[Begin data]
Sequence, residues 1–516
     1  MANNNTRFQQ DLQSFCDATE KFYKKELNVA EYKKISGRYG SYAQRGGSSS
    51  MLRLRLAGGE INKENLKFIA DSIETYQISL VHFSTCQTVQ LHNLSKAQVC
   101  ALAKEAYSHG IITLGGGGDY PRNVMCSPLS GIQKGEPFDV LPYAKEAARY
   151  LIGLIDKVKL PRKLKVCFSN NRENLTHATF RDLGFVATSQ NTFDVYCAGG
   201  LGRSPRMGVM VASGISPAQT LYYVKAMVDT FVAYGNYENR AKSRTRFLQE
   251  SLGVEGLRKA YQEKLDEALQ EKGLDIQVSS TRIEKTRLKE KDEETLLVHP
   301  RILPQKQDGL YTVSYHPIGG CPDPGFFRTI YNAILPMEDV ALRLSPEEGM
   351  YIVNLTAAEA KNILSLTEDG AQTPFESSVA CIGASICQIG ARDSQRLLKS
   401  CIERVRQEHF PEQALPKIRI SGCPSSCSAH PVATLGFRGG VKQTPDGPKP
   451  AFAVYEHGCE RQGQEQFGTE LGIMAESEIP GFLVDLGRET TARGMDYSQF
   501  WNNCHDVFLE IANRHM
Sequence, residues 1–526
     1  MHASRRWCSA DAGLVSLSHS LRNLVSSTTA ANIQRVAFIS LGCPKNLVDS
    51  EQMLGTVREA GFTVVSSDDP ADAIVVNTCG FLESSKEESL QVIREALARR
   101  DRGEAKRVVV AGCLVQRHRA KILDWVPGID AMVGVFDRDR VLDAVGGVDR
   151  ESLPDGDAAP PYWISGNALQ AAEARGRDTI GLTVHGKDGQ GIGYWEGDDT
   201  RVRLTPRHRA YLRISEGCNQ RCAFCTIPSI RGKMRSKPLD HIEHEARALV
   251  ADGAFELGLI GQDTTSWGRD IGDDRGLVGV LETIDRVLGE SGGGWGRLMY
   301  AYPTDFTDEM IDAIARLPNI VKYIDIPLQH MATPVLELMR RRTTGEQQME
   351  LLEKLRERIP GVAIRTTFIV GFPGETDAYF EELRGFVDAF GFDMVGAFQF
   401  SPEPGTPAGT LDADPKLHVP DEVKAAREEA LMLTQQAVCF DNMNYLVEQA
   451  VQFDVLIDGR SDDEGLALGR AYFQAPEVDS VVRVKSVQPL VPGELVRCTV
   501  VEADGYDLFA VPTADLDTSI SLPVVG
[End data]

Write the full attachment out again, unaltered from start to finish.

Sequence, residues 1–516
     1  MANNNTRFQQ DLQSFCDATE KFYKKELNVA EYKKISGRYG SYAQRGGSSS
    51  MLRLRLAGGE INKENLKFIA DSIETYQISL VHFSTCQTVQ LHNLSKAQVC
   101  ALAKEAYSHG IITLGGGGDY PRNVMCSPLS GIQKGEPFDV LPYAKEAARY
   151  LIGLIDKVKL PRKLKVCFSN NRENLTHATF RDLGFVATSQ NTFDVYCAGG
   201  LGRSPRMGVM VASGISPAQT LYYVKAMVDT FVAYGNYENR AKSRTRFLQE
   251  SLGVEGLRKA YQEKLDEALQ EKGLDIQVSS TRIEKTRLKE KDEETLLVHP
   301  RILPQKQDGL YTVSYHPIGG CPDPGFFRTI YNAILPMEDV ALRLSPEEGM
   351  YIVNLTAAEA KNILSLTEDG AQTPFESSVA CIGASICQIG ARDSQRLLKS
   401  CIERVRQEHF PEQALPKIRI SGCPSSCSAH PVATLGFRGG VKQTPDGPKP
   451  AFAVYEHGCE RQGQEQFGTE LGIMAESEIP GFLVDLGRET TARGMDYSQF
   501  WNNCHDVFLE IANRHM
Sequence, residues 1–526
     1  MHASRRWCSA DAGLVSLSHS LRNLVSSTTA ANIQRVAFIS LGCPKNLVDS
    51  EQMLGTVREA GFTVVSSDDP ADAIVVNTCG FLESSKEESL QVIREALARR
   101  DRGEAKRVVV AGCLVQRHRA KILDWVPGID AMVGVFDRDR VLDAVGGVDR
   151  ESLPDGDAAP PYWISGNALQ AAEARGRDTI GLTVHGKDGQ GIGYWEGDDT
   201  RVRLTPRHRA YLRISEGCNQ RCAFCTIPSI RGKMRSKPLD HIEHEARALV
   251  ADGAFELGLI GQDTTSWGRD IGDDRGLVGV LETIDRVLGE SGGGWGRLMY
   301  AYPTDFTDEM IDAIARLPNI VKYIDIPLQH MATPVLELMR RRTTGEQQME
   351  LLEKLRERIP GVAIRTTFIV GFPGETDAYF EELRGFVDAF GFDMVGAFQF
   401  SPEPGTPAGT LDADPKLHVP DEVKAAREEA LMLTQQAVCF DNMNYLVEQA
   451  VQFDVLIDGR SDDEGLALGR AYFQAPEVDS VVRVKSVQPL VPGELVRCTV
   501  VEADGYDLFA VPTADLDTSI SLPVVG